Check out Paul Maxim's blog and enjoy his beautiful work

Tuesday, October 9, 2007

What a Face!

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How could you resist a face like this—and why would you want to? Jim and PJ are lucky to have such a handsome friend.

Luminous Leaf

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Another reminder that it's all about the light. You will find the larger version of the picture in the "Outside My Window" gallery. Have a lovely Tuesday.

Monday, October 8, 2007


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On the day I shot this, I was experimenting with adding an extension tube to my Canon 50mm f1.8 lens (often called the nifty fifty) for some macro work. I enjoy focusing on detail when I am exploring what's "outside my window". This tiny flower has bloomed on one of the many spider plants that flourish in our back yard. Come to think of it, creepy-crawly spiders flourish in our neighborhood as well. Hmmm.

Sunday, October 7, 2007

Another Tree in My Life

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You didn't think I could go very long without posting a picture of a tree, did you? I fell for this one at Silent Knight Farms. It was rather late in the morning for shooting, but I couldn't resist getting out and seeing if I could beat the odds.

Borrowing a View

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I thought it was time to change the subject. So I went back to the Eastern Sierra file for this one.

When we spent the night at Brown's Town Campground in Bishop on the the way to Bridgeport, this was the view our golfing neighbors were enjoying. All we had to do was look over the top of the open wire fence and we, too, had a clear view of the mountains to the northeast.

Saturday, October 6, 2007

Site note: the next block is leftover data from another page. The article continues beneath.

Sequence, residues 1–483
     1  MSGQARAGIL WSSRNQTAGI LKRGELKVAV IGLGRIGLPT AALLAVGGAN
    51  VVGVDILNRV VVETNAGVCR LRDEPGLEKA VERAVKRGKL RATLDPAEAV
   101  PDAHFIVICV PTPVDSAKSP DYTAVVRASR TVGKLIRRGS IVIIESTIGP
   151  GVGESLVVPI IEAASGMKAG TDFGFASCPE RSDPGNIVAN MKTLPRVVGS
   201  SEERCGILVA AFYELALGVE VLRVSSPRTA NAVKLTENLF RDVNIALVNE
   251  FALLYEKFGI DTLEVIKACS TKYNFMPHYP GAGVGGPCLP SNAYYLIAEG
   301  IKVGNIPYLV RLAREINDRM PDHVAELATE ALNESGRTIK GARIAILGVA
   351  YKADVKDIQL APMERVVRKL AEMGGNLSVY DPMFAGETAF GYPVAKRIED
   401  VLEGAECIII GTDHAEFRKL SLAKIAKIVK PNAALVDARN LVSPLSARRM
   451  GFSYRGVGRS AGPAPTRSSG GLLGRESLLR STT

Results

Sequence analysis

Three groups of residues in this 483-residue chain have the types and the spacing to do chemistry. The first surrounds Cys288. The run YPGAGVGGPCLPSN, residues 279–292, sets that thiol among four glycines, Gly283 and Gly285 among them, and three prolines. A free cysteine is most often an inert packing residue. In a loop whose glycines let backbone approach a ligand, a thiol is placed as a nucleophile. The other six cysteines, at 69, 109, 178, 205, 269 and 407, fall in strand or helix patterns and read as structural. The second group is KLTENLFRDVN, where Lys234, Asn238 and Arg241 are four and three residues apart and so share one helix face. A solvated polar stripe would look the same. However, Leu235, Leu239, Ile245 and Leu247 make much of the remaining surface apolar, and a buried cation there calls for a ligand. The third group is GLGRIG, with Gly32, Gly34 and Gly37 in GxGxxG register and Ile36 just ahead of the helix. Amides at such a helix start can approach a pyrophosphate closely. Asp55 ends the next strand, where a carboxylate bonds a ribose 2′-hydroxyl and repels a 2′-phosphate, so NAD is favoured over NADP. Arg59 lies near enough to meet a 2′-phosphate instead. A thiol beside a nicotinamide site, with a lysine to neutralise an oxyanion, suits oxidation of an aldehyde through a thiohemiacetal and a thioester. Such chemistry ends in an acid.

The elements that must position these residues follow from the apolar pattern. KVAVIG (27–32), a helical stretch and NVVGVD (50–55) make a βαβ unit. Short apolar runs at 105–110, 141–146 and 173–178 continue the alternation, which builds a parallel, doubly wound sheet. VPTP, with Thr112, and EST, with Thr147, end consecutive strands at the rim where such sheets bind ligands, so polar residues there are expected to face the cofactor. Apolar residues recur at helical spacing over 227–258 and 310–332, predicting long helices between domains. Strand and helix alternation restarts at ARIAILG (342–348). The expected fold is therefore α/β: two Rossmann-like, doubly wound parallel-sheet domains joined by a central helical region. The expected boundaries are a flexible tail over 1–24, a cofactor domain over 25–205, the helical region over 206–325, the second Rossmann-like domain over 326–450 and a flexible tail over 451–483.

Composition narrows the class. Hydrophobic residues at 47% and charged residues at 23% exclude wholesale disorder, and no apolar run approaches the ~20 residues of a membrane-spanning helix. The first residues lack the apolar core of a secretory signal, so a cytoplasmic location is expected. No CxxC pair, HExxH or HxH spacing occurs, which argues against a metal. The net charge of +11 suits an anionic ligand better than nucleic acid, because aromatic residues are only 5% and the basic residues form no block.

Walter, the Black Mustang

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This mustang, one of the herd at Silent Knight Farms, is having fun stretching his legs. I especially enjoy the fact that in this shot you get a good look at the distinctive brand that is often hidden under his mane. (Be sure to click on the photo for a closer look at the brand.)
BLM Mustangs are freeze-branded when they are captured. If you know how to read the markings, the brand identifies details such as the animal's age, registration number, and the area where it was gathered. I definitely don't know how to decipher the brands, but I think Walter is from a Nevada herd.

Friday, October 5, 2007

The G7 again

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I have been back in town for several days, but recovering from a little bug that slowed me down. Before we left town, I shot this with the G7 during my evening walk. While I find I am not using my pocket camera all that often, on certain occasions it is perfect.

Thursday, September 27, 2007


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This monument at the entrance to the state park provides, for the visitor, fascinating background on the preservation of Bodie, the once "wild and wooly" gold-mining town in the the Eastern Sierra region of California. I am a newly converted and enthusiastic fan of this state park--you can probably guess that from all the photos you see here featuring old structures, wagons, etc in the town. I could have shot there for a week and still found things to intrigue me. I hope you will click on the image above, and when you get to the gallery please stick around to see some of Bodie, as well as other Eastern Sierra scenes.